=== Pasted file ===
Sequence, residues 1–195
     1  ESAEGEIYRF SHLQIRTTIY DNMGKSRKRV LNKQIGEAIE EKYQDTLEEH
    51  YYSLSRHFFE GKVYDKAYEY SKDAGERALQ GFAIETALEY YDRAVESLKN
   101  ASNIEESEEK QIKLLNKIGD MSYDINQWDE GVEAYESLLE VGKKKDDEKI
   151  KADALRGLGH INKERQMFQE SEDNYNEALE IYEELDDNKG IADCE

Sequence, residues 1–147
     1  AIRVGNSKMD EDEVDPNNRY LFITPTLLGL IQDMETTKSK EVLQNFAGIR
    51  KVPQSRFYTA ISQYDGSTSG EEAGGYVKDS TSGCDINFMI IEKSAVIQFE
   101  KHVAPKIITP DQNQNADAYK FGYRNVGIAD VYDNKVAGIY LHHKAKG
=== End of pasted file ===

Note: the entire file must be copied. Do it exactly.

Sequence, residues 1–195
     1  ESAEGEIYRF SHLQIRTTIY DNMGKSRKRV LNKQIGEAIE EKYQDTLEEH
    51  YYSLSRHFFE GKVYDKAYEY SKDAGERALQ GFAIETALEY YDRAVESLKN
   101  ASNIEESEEK QIKLLNKIGD MSYDINQWDE GVEAYESLLE VGKKKDDEKI
   151  KADALRGLGH INKERQMFQE SEDNYNEALE IYEELDDNKG IADCE

Sequence, residues 1–147
     1  AIRVGNSKMD EDEVDPNNRY LFITPTLLGL IQDMETTKSK EVLQNFAGIR
    51  KVPQSRFYTA ISQYDGSTSG EEAGGYVKDS TSGCDINFMI IEKSAVIQFE
   101  KHVAPKIITP DQNQNADAYK FGYRNVGIAD VYDNKVAGIY LHHKAKG